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Produced by the Disability Inclusion Helpdesk. A summary of the latest evidence on disability inclusion in international development from programmes and researchers around the world are highlighted:

·         Access to health: the missing billion

·         Sexuality and disability for children and youth in China

·         Analysing INGO practice 

·         Disability and technology

·         Disability and inequality in Liberia 

·         Pregnancy, childbirth and motherhood in Nepal 

·         Violence against women and girls with disability in Nepal

 

Brief overviews are provided of policy and news from the UK, various UN organisations, Asia Pacific Social Protection Week and South Africa.

 

Brief updates of DFID's (UK Departments for International Development) funded programmes are given including: Disability Inclusive Development (DID) Programme; Inclusion Works; The Disability Catalyst Programme; Programme for Evidence to Inform Disability Action (PENDA), Innovating Pathways for Employment Inclusion (IPEI)

Disability inclusion helpdesk; evidence digest issue 1, June 2019

SDDirect
June 2019

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The Evidence Digest aims to capture knowledge emerging from Helpdesk activities in a systematic manner and disseminate findings. This short summary will:

Share information on and learnings from the Disability Inclusion Helpdesk over the last quarter, highlighting headline messages and implications for programmers and policymakers;
Share relevant information and learning from other DID outputs;
Provide relevant information on recent evidence, policy changes and events in the field of disability inclusion, and;
Raise awareness on how to access the Helpdesk and demonstrate its offer.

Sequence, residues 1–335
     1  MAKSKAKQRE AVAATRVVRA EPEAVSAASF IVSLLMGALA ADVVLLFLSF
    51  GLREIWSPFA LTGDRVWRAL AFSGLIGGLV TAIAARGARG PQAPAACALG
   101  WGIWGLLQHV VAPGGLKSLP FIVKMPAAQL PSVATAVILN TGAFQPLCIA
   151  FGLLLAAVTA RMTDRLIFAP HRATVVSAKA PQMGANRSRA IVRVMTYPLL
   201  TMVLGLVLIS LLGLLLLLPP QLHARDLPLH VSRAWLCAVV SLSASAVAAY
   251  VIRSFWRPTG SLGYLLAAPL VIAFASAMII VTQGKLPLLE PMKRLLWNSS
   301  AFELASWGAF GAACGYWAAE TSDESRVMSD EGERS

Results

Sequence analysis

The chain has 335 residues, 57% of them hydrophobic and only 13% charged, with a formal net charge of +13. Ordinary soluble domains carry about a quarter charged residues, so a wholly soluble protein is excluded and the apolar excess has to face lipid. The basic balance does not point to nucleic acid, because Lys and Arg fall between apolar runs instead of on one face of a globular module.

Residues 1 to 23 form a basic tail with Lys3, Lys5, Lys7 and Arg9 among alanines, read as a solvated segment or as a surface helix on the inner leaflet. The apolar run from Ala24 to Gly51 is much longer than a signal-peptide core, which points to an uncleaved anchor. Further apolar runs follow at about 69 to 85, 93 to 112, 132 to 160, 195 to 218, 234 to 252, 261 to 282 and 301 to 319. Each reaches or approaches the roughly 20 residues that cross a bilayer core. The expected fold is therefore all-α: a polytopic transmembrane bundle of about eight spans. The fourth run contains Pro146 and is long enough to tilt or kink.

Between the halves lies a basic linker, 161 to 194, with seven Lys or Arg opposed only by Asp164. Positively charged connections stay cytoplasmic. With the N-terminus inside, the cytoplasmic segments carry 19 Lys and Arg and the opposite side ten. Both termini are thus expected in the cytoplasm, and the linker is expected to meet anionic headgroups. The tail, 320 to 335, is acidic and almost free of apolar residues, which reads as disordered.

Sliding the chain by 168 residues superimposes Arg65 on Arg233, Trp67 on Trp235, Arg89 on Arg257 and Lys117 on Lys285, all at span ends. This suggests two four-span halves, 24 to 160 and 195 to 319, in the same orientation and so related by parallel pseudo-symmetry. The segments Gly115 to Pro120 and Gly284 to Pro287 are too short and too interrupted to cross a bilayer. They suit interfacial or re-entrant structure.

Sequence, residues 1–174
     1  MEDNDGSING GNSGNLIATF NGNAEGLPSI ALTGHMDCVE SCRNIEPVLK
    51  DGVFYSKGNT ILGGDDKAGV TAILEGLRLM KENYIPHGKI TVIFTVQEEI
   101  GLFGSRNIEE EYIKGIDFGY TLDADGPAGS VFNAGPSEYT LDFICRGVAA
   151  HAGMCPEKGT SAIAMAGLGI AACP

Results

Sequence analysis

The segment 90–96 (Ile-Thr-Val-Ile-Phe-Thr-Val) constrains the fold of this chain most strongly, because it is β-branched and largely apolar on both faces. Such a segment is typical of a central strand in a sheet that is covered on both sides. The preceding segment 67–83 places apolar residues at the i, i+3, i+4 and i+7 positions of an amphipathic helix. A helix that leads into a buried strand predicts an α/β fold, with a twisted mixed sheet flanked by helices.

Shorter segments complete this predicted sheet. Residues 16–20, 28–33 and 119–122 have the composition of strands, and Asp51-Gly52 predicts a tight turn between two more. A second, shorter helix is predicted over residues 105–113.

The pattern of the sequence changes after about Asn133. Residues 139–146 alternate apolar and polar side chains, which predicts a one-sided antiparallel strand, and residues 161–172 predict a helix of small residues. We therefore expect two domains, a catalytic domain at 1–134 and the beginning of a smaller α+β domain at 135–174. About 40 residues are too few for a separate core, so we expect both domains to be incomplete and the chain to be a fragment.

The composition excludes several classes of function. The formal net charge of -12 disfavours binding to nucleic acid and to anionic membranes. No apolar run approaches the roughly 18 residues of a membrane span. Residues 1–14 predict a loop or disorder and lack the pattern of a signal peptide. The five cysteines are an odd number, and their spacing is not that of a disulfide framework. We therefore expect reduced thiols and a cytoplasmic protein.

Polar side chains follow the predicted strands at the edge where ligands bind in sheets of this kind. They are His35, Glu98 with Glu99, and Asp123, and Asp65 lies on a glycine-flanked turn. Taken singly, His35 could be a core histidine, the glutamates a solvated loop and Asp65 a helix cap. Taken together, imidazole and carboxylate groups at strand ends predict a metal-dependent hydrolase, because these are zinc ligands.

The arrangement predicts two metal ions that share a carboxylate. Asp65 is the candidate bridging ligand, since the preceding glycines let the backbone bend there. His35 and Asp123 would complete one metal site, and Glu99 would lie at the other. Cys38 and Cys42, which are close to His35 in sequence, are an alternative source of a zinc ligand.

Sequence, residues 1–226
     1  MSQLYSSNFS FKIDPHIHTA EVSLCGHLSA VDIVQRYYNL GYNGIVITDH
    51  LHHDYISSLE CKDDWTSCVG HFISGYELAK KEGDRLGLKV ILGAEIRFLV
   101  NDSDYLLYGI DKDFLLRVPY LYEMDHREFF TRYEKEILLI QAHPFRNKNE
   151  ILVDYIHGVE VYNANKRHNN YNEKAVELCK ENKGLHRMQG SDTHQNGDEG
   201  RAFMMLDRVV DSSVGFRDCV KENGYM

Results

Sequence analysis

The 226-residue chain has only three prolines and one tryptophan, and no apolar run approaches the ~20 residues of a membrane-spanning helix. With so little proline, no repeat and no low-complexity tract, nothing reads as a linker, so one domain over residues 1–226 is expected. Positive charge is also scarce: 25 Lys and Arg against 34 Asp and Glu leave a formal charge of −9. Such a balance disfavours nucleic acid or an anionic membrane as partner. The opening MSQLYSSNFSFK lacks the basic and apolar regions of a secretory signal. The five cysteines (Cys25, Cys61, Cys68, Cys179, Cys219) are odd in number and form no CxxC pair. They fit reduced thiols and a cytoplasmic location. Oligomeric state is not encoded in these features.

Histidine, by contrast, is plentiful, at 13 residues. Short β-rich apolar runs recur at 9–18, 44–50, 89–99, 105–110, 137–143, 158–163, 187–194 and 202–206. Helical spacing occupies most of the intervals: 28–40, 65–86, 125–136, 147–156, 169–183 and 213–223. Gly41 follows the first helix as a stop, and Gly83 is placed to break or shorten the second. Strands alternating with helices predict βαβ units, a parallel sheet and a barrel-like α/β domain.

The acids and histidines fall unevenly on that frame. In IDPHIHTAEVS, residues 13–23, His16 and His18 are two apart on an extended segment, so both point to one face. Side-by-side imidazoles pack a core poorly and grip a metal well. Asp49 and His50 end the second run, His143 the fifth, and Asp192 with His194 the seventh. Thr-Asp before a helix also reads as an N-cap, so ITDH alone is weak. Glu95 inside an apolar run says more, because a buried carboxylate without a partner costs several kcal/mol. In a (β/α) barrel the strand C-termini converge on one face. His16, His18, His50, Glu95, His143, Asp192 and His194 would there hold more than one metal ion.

Safe and accessible public transport for all. Making SDG 11.2 a reality

HUMANITY & INCLUSION (HI)
INTERNATIONAL ASSOCIATION OF PUBLIC TRANSPORT (UITP)
May 2019

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The importance of addressing both safety and accessibility for inclusive urban mobility is discussed. 

Case studies provided are:

  • Accessible public transport for employment, Senegal
  • Training and ICT solutions, Kenya
  • Tuk Tuk drivers certified on accessibility, Laos
  • Designing Bus Rapid Transport (BRT) systems for accessibility, South Africa
  • Improving accessibility to transport, Brazil
  • Making public transport more inclusive with technology, Singapore
  • Taking efforts to be more inclusive, France
  • A model city for accessibility, Brazil
  • Prioritising accessibility, Czech Republic
  • Getting all residents and visitors to engage in all aspects of city life, Luxembourg
  • Communications training, Russia
  • Metro access audits, India

Recommendations are made to governments concerning strengthening poicy frameworks and removing barriers to accessible mobility

 

 

 

Responding to the humanitarian needs of today, Preparing for the Syrian response tomorrow

HUMANITY & INCLUSION (HI)
February 2019

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A briefing paper concerning refugees and displaced people in Syria.

 

Recommendations are made covering 

Individual issues briefs are available for some of these 

Inclusive services for persons with disabilities in Jadimura Camp, Cox's Bazar

HUMANITY & INCLUSION (HI)
2019

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In November 2018, with the support of UK Aid, Humanity & Inclusion (HI) conducted a participatory assessment of access to humanitarian assistance for persons with disabilities in Jadimura Camp, Teknaf, Cox’s Bazar District. The team evaluated both the barriers for persons with disabilities, as well as the facilitators that improve access to such assistance. They surveyed 63 refugees with disabilities including men, women, boys, and girls, in addition to 11 humanitarian service providers working in the camp.

Headline facts and recommendations are presented.

Visual supports

NATIONAL AUTISTIC SOCIETY (UK)
2019

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Visual supports can be used to communicate with people on the autism spectrum. They are adaptable, portable and can be used in most situations.

Visual supports can help to provide structure and routine, encourage independence, build confidence, improve understanding, avoid frustration and anxiety, and provide opportunities to interact with others. They can make communication physical and consistent, rather than fleeting and inconsistent like spoken words can be.

Different types and uses of visual supports and where to find resources are reported. See some examples and read some top tips.